Briefly, the present invention provides RFID tags, ICs for RFID tags, and methods. In some embodiments, an RFID tag includes a memory with multiple sections, and a processing block. The processing block may map one of these sections, or another of these sections, for purposes of responding to a first command from an RFID reader. An RFID tag can operate according to the data stored in the section mapped at the time. In some embodiments, a tag can even transition from mapping one of the sections to mapping another of the sections.

RFID tags according to embodiments can be used in many applications. A tag operating according to different mapped data can exhibit different behaviors, for example exhibiting alternative identities of the tag, or of its host item. Plus, by remapping, a tag can be electronically altered to enhance consumer privacy and protect sensitive data.

These and other features and advantages of the invention will be better understood from the specification of the invention, which includes the following Detailed Description and accompanying Drawings.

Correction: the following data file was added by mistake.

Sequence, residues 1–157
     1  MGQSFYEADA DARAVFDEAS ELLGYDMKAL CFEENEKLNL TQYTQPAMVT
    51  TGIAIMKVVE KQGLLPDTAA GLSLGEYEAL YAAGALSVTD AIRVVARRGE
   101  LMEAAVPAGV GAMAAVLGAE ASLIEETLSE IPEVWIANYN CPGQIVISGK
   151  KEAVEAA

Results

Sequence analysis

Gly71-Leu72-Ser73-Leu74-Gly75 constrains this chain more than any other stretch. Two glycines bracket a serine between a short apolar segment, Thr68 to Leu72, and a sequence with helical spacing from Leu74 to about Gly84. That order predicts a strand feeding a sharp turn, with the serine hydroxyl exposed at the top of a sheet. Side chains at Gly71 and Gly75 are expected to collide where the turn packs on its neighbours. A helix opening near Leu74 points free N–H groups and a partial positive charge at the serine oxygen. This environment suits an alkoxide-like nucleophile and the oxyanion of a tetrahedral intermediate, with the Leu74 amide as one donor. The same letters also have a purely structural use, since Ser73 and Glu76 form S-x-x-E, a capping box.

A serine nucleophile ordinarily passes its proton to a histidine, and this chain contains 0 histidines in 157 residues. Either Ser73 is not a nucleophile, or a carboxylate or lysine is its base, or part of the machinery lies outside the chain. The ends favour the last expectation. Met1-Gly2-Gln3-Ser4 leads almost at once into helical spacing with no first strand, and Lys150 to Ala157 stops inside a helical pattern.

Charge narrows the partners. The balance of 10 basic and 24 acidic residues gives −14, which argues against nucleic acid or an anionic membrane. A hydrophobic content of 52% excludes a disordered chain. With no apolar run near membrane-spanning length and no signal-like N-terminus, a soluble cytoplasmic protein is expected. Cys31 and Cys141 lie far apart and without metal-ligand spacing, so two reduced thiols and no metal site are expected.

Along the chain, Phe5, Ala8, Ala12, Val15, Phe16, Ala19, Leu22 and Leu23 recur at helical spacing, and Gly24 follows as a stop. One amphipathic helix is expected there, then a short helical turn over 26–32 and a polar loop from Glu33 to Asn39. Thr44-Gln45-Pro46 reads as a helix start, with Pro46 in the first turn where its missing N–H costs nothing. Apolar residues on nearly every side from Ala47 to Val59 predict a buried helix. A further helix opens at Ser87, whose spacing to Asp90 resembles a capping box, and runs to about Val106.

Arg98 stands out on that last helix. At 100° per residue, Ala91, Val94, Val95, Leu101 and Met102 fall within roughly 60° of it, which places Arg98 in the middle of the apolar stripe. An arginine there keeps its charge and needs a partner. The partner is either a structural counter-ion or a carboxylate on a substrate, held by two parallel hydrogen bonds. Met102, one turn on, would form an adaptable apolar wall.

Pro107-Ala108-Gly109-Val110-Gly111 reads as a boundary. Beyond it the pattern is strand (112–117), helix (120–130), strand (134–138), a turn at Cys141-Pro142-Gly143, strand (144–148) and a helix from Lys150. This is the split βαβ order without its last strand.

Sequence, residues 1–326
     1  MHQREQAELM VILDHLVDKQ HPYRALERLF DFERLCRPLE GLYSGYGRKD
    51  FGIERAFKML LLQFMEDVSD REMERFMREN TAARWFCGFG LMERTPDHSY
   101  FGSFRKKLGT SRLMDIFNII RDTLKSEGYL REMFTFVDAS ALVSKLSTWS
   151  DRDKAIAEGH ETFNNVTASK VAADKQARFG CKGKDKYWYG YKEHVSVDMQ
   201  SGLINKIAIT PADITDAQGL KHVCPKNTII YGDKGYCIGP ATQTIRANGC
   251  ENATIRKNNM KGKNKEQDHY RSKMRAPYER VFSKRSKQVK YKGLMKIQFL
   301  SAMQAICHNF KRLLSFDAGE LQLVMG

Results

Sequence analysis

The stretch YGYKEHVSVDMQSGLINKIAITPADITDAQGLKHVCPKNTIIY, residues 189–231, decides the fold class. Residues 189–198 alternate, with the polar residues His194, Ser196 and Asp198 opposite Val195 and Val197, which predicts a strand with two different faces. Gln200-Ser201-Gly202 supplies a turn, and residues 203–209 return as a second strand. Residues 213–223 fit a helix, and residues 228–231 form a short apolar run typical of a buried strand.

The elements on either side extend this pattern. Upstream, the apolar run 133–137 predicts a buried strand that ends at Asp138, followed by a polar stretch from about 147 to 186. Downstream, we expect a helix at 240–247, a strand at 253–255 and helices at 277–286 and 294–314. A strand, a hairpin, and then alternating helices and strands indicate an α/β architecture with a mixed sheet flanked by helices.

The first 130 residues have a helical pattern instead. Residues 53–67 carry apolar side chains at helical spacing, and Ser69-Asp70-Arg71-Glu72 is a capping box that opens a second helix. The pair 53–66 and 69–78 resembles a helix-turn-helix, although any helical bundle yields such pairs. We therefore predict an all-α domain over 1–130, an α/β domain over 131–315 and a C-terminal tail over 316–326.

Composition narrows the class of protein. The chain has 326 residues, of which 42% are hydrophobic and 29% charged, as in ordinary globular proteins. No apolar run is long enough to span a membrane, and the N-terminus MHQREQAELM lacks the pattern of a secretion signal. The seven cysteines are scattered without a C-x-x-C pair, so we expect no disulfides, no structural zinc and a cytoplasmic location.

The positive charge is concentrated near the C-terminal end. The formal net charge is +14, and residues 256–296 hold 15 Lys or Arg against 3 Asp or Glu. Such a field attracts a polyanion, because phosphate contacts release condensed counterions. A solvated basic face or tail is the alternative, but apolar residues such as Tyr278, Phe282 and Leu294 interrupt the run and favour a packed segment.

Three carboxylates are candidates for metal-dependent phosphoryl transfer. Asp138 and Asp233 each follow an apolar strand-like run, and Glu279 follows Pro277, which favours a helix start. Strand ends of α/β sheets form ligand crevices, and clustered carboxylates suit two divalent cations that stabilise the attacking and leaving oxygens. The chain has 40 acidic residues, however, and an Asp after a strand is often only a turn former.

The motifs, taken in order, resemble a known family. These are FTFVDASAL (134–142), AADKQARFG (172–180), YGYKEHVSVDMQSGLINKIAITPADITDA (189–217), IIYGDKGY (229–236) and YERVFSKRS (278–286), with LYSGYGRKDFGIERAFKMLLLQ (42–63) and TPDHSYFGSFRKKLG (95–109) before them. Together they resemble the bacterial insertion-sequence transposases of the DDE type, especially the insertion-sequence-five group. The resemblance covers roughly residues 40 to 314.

BRIEF DESCRIPTION OF THE DRAWINGS

The following Detailed Description proceeds with reference to the accompanying Drawings, in which:

FIG. 1 is a block diagram of components of an RFID system according to embodiments.

FIG. 2 is a diagram showing components of a passive RFID tag, such as a tag that can be used in the system of FIG. 1.

FIG. 3 is a conceptual diagram for explaining a half-duplex mode of communication between the components of the RFID system of FIG. 1.

FIG. 4 is a block diagram of an implementation of an electrical circuit formed in an IC of the tag of FIG. 2.

FIG. 5 is a block diagram of components of an electrical circuit formed in a tag IC according to embodiments.

FIG. 6 is a flowchart for illustrating methods for RFID tags and tag ICs according to embodiments.

FIG. 7 is a conceptual diagram illustrating that an RFID tag that uses the components of FIG. 5 can be in one of different behavior states, correspondingly exhibiting alternative behaviors, according to embodiments.

FIG. 8 is a diagram illustrating a tag transitioning from one of the behavior states of FIG. 7 to the other according to some embodiments.

FIG. 9 is a flowchart for illustrating an operation of the method of FIG. 6 according to embodiments.